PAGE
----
People line up to try to buy corn flour and rice, outside a supermarket in Caracas January 16, 2016. REUTERS/Carlos Garcia Rawlins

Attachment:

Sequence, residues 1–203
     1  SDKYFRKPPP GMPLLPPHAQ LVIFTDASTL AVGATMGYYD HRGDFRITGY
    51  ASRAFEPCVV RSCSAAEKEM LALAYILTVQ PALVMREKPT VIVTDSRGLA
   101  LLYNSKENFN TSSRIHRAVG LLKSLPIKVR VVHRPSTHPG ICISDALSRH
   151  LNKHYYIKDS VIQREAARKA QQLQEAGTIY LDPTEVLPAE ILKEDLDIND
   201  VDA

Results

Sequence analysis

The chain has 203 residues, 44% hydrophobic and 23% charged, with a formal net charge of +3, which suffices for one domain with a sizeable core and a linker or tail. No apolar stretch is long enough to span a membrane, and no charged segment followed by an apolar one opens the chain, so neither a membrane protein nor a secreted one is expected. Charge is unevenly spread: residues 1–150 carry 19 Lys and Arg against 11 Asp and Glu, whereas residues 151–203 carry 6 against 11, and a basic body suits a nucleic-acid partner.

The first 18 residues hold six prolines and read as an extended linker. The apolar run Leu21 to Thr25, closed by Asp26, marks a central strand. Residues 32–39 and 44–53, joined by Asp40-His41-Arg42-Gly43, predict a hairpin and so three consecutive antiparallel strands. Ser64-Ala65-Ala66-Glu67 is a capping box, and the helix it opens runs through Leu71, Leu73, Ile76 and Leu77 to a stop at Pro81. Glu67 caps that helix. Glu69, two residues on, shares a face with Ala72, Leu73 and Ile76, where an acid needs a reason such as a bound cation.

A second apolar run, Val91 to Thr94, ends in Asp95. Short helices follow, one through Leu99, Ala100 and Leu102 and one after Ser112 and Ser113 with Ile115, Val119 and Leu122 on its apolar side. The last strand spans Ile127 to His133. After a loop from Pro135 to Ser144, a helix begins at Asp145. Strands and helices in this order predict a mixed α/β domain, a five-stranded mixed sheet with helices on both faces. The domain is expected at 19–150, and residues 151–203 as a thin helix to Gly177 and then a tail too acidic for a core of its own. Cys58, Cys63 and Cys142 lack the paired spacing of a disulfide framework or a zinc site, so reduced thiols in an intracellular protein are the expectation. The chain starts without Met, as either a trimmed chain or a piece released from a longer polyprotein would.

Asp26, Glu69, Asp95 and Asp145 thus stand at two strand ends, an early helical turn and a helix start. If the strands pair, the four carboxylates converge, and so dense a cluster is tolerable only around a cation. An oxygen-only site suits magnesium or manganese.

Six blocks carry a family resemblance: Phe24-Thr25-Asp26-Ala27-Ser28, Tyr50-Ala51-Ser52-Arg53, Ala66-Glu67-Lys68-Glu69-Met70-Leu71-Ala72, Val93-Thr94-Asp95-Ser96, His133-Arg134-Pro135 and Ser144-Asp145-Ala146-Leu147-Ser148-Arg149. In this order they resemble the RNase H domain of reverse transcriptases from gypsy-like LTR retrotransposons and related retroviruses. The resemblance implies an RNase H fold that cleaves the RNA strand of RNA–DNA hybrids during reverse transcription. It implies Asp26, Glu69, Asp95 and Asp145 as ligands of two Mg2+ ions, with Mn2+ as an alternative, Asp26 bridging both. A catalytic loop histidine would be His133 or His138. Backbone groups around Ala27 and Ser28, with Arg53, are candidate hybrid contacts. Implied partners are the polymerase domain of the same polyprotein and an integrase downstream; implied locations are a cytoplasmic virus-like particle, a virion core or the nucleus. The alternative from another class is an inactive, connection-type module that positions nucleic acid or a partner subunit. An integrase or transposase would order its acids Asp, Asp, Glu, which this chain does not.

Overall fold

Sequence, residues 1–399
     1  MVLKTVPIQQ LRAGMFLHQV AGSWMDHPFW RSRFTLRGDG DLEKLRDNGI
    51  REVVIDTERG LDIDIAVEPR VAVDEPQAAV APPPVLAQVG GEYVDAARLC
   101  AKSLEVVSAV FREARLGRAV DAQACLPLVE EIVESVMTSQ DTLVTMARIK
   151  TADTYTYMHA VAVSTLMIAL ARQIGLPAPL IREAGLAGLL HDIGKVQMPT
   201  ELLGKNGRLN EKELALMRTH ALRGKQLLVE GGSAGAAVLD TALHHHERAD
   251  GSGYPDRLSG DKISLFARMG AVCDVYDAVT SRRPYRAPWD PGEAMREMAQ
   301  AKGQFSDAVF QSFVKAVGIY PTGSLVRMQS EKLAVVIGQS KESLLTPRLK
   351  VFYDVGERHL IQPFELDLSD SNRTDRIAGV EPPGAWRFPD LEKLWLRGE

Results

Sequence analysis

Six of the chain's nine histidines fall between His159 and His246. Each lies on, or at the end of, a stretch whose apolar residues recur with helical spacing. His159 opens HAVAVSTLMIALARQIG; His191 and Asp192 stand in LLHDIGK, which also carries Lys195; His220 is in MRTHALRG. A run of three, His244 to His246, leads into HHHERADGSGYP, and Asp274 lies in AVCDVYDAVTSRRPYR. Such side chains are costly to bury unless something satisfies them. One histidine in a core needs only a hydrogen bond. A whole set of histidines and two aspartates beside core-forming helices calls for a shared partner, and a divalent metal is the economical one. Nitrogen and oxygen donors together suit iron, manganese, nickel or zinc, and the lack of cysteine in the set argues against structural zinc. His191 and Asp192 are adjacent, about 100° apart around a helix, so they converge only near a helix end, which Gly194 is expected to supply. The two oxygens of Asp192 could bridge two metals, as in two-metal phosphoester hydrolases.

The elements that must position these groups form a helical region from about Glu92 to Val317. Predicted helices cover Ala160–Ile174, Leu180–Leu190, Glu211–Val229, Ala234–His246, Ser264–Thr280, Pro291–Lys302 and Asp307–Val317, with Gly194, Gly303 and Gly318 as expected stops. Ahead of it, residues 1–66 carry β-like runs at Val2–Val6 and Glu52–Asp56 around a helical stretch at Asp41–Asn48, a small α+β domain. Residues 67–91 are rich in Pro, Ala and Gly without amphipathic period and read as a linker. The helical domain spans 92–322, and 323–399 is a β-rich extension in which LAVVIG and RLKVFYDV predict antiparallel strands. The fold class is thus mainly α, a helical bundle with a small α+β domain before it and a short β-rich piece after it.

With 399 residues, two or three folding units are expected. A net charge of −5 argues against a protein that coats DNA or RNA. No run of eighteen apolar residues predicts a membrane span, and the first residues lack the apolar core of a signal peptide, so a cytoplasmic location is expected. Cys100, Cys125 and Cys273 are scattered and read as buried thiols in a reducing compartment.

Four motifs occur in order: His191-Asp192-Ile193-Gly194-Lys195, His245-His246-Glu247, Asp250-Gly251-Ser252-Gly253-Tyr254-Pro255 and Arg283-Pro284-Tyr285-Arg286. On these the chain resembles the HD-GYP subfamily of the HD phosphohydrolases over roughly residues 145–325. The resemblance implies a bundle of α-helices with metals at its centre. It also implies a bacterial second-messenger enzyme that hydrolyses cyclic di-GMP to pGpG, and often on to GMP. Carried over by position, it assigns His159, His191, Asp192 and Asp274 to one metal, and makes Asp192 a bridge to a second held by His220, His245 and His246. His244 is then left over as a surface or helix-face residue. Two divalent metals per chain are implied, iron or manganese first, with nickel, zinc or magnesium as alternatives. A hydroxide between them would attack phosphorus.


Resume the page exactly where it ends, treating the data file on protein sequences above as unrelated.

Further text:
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Venezuelan President Nicolas Maduro's move to decree an "economic emergency" seeks to make the ascendant opposition share the political cost of the South American oil giant's economic mess, analysts say. The decree, which gives Maduro 60 days of extraordinary powers to combat a deep recession and triple-digit inflation, was issued Friday and now passes to the opposition-controlled National Assembly, which must approve it, reject it or demand changes within eight days.National Assembly Speaker Henry Ramos Allup has been scathing in his criticism of Maduro but nevertheless promised the opposition would study the decree.Maduro has held similar decree powers in the past, but at the time they were rubber-stamped by a friendly National Assembly.Economic analysts say rather than make fundamental changes to the oil-dependent economy, Maduro will probably double down on the state-heavy policies of the past 17 years.
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